Fluorescence spectra were recorded by a Hitachi F2500 luminescence spectrometer (Hitachi, HongKong). UV–Vis spectra were characterised by an UV–vis spectrophotometer (Varian, Hong Kong). Transmission electron microscope (TEM, Tecnai-12 Bio-Twin, FEI, Netherlands) was used to observe the nanoparticle morphology. The zeta potential was determined by Zeta Sizer Nano ZS (ZS90, Malvern). Cell viability assay was conducted by using a microplate reader. The cellular uptake was detected using confocal laser scanning microscopy (CLSM, Nikon A1R, Japan). Flow cytometer (FCM, BD FACSVerse) was performed to quantitatively analyse the cellular uptake of nanoparticles. The infrared thermal camera (DALI TECHNOLOGY, LT3-P) was used to record the temperature of the dispersions. The inductively coupled plasma-atomic emission spectroscopy (ICP-AES, iCAP 7400) was used to determine Au concentration.

Synthesis of AuNR, AuNRB and AuNRBR

AuNR was synthesised by the seeded growth according to the reported the literature with little modification [20]. AuNRB was got by modifying AuNR with BSA based on the method described by Moustafa et al. [21]. Briefly, 1 mL BSA solution dissolved in the PBS (pH = 7.2–7.4) at a concentration of 0.25 mM was added to 10 mL of the AuNR solution (0.3 nM), and the mixed solution was stirred vigorously for 12 h at room temperature. Then, the reaction was stopped by removing the excess BSA by centrifugation at 12,000 rpm for 5 min and the precipitate was resuspended in ultrapure water to gather AuNRB.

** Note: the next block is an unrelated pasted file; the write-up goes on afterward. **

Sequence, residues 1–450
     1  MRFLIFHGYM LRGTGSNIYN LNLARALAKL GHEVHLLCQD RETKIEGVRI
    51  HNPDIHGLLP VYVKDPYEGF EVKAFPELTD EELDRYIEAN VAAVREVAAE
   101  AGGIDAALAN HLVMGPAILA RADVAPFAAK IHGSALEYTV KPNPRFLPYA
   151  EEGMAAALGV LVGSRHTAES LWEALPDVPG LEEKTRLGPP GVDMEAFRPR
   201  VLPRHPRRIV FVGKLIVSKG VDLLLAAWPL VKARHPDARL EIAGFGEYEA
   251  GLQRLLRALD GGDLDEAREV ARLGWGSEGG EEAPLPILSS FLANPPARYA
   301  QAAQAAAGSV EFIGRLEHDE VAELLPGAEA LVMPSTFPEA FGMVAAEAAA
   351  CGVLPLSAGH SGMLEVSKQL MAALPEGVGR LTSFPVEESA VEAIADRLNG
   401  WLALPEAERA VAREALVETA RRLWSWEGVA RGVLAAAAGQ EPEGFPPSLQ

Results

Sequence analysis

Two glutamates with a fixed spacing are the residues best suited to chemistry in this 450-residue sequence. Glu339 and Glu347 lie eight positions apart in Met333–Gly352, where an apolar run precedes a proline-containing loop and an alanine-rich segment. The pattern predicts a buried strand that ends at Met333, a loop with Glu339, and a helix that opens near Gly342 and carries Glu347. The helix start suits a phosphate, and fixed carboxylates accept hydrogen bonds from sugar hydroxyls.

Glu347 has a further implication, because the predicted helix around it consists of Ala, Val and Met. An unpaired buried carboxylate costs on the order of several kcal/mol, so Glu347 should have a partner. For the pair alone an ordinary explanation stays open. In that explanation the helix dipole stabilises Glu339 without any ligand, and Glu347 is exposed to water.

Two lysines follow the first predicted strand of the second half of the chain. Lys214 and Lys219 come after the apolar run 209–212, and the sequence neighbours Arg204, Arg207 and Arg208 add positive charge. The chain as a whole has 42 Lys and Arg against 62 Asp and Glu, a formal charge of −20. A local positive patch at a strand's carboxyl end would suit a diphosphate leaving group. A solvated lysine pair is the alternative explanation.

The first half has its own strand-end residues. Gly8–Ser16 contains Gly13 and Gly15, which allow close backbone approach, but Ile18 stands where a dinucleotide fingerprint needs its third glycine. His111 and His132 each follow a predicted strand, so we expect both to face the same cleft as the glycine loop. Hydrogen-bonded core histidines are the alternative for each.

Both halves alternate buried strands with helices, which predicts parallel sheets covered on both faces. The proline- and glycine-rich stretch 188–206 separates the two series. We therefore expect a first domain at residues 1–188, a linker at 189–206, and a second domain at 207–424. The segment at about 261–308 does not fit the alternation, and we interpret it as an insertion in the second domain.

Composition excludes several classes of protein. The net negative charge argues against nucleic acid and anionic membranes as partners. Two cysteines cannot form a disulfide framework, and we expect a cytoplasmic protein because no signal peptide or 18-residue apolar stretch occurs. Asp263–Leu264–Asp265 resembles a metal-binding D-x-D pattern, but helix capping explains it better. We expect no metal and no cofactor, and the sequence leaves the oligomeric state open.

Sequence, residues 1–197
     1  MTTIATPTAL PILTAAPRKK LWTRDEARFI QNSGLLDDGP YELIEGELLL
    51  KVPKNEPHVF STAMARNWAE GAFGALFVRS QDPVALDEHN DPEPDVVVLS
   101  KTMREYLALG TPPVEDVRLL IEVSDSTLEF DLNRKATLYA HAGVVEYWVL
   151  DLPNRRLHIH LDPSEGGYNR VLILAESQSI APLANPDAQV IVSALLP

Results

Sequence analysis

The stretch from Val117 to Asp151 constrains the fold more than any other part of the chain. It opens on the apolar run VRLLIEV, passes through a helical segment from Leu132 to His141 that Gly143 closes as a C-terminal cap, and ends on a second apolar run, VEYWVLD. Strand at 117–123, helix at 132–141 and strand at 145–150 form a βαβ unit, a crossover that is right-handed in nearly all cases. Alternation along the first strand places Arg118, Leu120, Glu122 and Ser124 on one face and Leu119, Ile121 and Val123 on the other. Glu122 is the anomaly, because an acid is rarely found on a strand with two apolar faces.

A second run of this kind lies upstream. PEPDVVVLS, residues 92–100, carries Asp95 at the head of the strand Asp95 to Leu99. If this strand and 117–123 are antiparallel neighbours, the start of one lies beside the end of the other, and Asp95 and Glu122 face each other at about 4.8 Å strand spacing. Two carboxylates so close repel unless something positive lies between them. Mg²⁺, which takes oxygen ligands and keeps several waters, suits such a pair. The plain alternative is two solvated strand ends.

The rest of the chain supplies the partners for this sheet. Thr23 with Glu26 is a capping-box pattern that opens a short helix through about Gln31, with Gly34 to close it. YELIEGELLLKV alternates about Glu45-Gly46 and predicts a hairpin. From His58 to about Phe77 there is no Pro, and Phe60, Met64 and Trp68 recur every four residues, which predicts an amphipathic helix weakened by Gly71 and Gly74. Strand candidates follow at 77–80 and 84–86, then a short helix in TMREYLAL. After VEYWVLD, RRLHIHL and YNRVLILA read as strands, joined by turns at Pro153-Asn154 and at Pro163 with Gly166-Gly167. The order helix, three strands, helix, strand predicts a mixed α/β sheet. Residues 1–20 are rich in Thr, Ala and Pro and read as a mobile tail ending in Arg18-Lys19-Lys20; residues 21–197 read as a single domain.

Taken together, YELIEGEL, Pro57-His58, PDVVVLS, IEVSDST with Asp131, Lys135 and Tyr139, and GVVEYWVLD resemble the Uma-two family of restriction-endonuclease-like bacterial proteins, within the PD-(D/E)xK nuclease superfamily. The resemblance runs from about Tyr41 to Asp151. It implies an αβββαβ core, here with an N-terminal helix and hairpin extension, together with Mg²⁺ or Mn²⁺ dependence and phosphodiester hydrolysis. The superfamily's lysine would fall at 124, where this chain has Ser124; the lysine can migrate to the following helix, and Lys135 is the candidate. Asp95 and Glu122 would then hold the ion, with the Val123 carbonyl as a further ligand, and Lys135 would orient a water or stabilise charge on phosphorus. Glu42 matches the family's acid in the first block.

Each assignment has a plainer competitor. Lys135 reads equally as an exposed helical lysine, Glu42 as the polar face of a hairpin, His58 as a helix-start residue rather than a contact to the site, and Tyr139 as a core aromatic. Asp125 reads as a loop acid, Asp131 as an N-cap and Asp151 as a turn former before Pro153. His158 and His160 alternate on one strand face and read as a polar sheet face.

AuNRB was suspended in PBS (2 mg/mL) were respectively functionalised by sulfo-smcc (150 μL, 5 mg/mL) to endow AuNRB with Mal for further conjugation with HS-RGD. The functionalisation was performed at room temperature (RT) for 1 h. Then, the excessive Sulfo-SMCC was removed by centrifugation with speed of 10,000 rpm for 10 min thrice. The purified solution was collected and 100 μL HS-RGD (25 mg/mL) was added by stirring at 350 rpm at RT for 2 h. Afterwards, the reaction was stopped by removing the excess RGD by centrifugation with speed of 10,000 rpm for 10 min for 3 times and the solution was resuspended in ultrapure water with final volume of 2 mL. The sample was stored at 4 °C for further study.

FITC DMSO solution was reacted with BSA at a molar ratio of 3: 1 (FITC: BSA) for 6 h. After the ultrafiltration with water to remove free FITC, FITC labelled BSA was collected and used to synthsize FITC-AuNRBR and FITC-AuNRB.

In vitro photothermal effect